Supply chain · 17 May 2016

London mayor’s air quality plans could spell disaster for white van men

White Van
There are over 200,000 commercial vans on the streets of the UK capital / Photo: Sven Storbeck

A proposed increase in the London congestion charge levied on those driving in the centre of the city will increase the cost of doing business in the capital and could destroy its smallest businesses, according to the Freight Transport Association (FTA) – a body representing the UK’s transport industry.

Sadiq Khan’s new air quality plans – unveiled on 13 May – are the first policy announcement he has made since his election on 5 May. They include an additional levy on vehicles with the poorest emissions and extending the zone covered by the charge to the north and south circular roads.

“These disruptive proposals will at best only accelerate the situation that is likely in a few years from now. They will put businesses at risk, and add massive costs to all – especially to those who need the services that vans provide,” said the FTA’s head of regional and national policy, Christopher Snelling.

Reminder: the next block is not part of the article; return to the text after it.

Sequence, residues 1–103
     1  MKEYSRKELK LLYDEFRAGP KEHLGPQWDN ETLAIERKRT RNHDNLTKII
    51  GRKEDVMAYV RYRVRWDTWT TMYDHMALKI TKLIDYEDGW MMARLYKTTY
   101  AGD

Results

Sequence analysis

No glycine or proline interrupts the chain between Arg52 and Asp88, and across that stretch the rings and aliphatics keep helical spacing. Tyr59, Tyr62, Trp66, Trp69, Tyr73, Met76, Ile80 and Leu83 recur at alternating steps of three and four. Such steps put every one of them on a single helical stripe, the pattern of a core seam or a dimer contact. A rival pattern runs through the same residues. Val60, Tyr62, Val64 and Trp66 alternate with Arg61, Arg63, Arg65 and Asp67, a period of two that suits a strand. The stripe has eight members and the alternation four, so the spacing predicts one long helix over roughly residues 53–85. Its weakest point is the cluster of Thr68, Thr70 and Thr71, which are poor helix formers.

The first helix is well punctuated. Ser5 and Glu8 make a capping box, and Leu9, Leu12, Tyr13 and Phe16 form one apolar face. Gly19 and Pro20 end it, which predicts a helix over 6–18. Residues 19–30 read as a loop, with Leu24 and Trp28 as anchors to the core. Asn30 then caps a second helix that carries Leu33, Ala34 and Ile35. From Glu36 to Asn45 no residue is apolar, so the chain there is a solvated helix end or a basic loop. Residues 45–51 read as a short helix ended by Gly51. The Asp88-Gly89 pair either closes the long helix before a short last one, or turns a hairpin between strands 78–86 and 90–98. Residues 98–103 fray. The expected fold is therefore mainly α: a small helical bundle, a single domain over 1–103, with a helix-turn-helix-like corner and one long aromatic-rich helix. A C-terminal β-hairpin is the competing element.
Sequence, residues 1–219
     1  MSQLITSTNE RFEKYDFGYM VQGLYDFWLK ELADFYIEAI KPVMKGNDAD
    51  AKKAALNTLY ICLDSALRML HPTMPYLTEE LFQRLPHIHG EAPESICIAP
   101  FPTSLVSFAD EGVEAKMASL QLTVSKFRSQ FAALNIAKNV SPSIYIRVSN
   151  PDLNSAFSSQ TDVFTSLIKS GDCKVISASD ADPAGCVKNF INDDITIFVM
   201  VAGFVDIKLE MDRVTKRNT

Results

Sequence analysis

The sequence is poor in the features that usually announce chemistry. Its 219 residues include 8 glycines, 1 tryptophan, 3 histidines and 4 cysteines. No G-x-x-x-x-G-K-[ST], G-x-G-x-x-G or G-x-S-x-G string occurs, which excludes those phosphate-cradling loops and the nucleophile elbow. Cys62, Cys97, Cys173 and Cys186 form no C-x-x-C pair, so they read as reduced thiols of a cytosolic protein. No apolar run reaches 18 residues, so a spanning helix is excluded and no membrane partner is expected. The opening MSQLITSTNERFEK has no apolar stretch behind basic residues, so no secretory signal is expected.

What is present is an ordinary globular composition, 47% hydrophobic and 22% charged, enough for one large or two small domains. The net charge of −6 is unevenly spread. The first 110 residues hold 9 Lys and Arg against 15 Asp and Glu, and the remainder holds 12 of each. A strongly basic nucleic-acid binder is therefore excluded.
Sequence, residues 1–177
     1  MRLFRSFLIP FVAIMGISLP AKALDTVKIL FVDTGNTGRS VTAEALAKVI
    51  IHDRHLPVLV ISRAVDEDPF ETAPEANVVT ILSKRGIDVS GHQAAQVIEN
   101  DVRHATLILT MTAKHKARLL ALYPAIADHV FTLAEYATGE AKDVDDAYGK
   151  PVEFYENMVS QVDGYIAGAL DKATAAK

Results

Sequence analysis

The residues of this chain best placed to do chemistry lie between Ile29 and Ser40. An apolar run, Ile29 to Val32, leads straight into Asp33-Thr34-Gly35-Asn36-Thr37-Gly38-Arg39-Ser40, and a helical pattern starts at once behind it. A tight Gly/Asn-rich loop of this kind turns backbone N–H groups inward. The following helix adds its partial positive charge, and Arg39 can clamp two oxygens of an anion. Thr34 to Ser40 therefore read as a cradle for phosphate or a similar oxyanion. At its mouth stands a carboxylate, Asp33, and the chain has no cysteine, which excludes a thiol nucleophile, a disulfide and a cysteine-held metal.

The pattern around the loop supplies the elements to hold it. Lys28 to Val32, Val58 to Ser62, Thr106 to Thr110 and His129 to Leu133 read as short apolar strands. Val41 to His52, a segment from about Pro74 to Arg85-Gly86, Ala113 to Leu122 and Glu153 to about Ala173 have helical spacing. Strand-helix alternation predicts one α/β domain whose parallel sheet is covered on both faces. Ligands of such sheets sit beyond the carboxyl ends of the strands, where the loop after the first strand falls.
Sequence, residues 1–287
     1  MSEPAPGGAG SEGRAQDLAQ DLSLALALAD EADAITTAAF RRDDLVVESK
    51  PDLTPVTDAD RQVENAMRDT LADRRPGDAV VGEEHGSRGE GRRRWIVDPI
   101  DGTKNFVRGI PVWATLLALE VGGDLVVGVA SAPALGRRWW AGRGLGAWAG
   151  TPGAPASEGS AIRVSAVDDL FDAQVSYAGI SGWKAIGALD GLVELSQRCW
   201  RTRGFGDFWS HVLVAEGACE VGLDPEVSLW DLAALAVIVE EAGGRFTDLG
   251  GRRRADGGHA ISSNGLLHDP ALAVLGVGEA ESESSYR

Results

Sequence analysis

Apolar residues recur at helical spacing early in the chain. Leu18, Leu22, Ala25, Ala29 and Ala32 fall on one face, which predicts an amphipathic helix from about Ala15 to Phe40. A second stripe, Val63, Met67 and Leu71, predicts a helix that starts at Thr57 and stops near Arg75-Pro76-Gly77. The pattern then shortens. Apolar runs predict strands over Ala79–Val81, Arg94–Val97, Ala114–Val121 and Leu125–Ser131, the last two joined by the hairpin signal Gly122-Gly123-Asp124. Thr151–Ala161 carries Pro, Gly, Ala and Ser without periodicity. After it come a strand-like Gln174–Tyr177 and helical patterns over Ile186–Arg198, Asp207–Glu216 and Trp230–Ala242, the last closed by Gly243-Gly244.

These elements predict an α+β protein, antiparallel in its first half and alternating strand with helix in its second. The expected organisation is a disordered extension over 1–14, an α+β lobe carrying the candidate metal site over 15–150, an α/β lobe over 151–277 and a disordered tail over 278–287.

“Freight operators and the service industry could find themselves being charged extra for their vehicles before they have had any reasonable chance to upgrade. Many businesses could lose trade first in central London, then the whole of inner London – and for businesses based in the zones involved, the impacts will be even worse.”

Research carried out by the RAC in 2014 found there were over 200,000 commercial vans on the roads of the capital. Nationwide, over twenty per cent are used by those working in the logistics industry. There were almost 300,000 self-employed people working in this sector in 2015 – almost six per cent of the total self-employed population of the UK.

Many of the remainder are vital tools of the trade by the self-employed tradesmen who have grouped together as “white van men” since a radio presenter coined the term in 1997.

“The stereotypical white van man comes in for a lot of bad press but the rapidly rising number of light commercial vehicles on our roads suggests a growing army of hardworking sole traders, delivery men and small businesses on whom the economy depends,” said Stephen Glaister, director of the RAC Foundation.

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ABOUT THE EXPERT

Hannah Wilkinson is a reporter for Business Advice. She studied economics and management at Oxford University and prior to joining Business Advice wrote for Kensington and Chelsea Today about business and economics – as well as running a tutoring company.

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